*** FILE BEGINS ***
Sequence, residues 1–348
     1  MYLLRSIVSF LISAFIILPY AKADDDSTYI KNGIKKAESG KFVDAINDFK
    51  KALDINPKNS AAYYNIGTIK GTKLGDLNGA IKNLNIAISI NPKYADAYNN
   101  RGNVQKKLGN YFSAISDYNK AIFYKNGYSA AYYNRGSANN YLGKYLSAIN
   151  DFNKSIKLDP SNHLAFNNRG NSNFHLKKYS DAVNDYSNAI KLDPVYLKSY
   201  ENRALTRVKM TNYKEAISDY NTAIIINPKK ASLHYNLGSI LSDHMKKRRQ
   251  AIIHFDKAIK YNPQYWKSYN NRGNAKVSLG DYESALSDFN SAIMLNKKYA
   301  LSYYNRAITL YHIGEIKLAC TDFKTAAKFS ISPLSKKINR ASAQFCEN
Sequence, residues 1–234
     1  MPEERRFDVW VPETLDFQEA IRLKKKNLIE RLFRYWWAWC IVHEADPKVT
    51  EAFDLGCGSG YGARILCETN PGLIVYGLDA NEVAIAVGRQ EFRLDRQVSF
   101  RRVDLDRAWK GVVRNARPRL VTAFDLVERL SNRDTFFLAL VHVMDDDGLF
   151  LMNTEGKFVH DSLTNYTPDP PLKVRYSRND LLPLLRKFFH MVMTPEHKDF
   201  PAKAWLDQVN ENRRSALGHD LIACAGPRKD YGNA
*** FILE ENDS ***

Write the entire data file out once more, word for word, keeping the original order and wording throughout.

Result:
Sequence, residues 1–348
     1  MYLLRSIVSF LISAFIILPY AKADDDSTYI KNGIKKAESG KFVDAINDFK
    51  KALDINPKNS AAYYNIGTIK GTKLGDLNGA IKNLNIAISI NPKYADAYNN
   101  RGNVQKKLGN YFSAISDYNK AIFYKNGYSA AYYNRGSANN YLGKYLSAIN
   151  DFNKSIKLDP SNHLAFNNRG NSNFHLKKYS DAVNDYSNAI KLDPVYLKSY
   201  ENRALTRVKM TNYKEAISDY NTAIIINPKK ASLHYNLGSI LSDHMKKRRQ
   251  AIIHFDKAIK YNPQYWKSYN NRGNAKVSLG DYESALSDFN SAIMLNKKYA
   301  LSYYNRAITL YHIGEIKLAC TDFKTAAKFS ISPLSKKINR ASAQFCEN
Sequence, residues 1–234
     1  MPEERRFDVW VPETLDFQEA IRLKKKNLIE RLFRYWWAWC IVHEADPKVT
    51  EAFDLGCGSG YGARILCETN PGLIVYGLDA NEVAIAVGRQ EFRLDRQVSF
   101  RRVDLDRAWK GVVRNARPRL VTAFDLVERL SNRDTFFLAL VHVMDDDGLF
   151  LMNTEGKFVH DSLTNYTPDP PLKVRYSRND LLPLLRKFFH MVMTPEHKDF
   201  PAKAWLDQVN ENRRSALGHD LIACAGPRKD YGNA